Medical scientists suspend strike action next week to allow for WRC talks

The Medical Laboratory Scientists Association (MLSA) had threatened three consecutive days of strike action next week
Medical scientists suspend strike action next week to allow for WRC talks

Sarah Mooney

Medical scientists have agreed to suspend strike action planned for next week to allow for talks at the Workplace Relations Commission (WRC).

The Medical Laboratory Scientists Association (MLSA) had threatened three consecutive days of strike action next week if industrial action this Tuesday and Wednesday produced no resolution regarding long-standing recruitment and retention issues.

On Tuesday evening the union suspended strike action planned for Wednesday after accepting an invitation to attend the Labour Court for exploratory talks on the dispute with the HSE and Department of Health.

This evening, it said it had accepted a Labour Court recommendation to return to the WRC and would suspend further industrial action next week to allow for talks.

MLSA general secretary Terry Casey said the union “remained committed to resolving severe recruitment and retention issues in the sector and to achieving a sustainable work structure for medical scientists, patients and the Irish health service.”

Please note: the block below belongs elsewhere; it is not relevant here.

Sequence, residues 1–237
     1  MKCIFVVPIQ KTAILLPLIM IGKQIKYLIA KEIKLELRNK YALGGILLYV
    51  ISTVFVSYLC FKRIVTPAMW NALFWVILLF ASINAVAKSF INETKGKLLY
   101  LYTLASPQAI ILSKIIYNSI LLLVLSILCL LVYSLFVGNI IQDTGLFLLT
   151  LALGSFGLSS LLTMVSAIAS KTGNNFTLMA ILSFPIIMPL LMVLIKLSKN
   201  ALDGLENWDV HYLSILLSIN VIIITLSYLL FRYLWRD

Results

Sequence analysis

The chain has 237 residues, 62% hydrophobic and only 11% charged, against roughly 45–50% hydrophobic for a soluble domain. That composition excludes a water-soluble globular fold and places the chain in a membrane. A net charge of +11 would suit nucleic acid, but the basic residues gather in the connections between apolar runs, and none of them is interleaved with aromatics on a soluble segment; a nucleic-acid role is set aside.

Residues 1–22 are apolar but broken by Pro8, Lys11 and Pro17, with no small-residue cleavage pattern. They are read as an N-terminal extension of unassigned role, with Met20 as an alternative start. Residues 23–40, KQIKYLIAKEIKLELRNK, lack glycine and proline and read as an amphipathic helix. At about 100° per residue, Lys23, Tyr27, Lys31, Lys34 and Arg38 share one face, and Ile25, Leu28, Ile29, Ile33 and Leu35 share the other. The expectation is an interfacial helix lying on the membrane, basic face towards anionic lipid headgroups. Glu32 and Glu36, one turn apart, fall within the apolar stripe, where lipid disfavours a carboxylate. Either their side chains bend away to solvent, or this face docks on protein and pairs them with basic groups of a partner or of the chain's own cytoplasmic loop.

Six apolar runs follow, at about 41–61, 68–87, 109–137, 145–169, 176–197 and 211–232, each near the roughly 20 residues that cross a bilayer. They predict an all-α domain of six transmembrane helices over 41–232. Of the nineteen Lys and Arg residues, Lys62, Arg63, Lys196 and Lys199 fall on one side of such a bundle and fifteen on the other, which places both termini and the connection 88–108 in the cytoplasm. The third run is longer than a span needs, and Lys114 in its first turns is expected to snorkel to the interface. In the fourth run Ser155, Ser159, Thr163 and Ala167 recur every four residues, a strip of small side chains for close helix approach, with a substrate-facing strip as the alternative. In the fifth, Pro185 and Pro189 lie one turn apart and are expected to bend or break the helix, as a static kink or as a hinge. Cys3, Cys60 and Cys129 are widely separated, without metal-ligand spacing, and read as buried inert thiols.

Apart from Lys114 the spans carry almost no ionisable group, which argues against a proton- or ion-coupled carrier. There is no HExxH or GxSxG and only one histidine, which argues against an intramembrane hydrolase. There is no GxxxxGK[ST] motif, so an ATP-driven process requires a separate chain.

The MLSA, HSE and Department of Health will now engage further at the WRC “for a period of at least three weeks from today.”

The Labour Court has requested notification after that timeframe if an agreement has been reached. It has requested that if outstanding issues remain they be referred back to the court, which has an accepted authority to make a recommendation that is binding for both parties.

Medical scientists carry out critical diagnostic testing of patient samples, with more than 2,100 MLSA members employed in public voluntary hospitals, HSE hospitals, private hospitals and the Irish Blood Transfusion Service.

Strike action on Tuesday and Wednesday this week was expected to lead to the cancellation of up to 30,000 medical procedures and appointments. Inpatient procedures, day-case elective procedures, outpatient appointments, maternity appointments and routine GP testing appointments were among those impacted.

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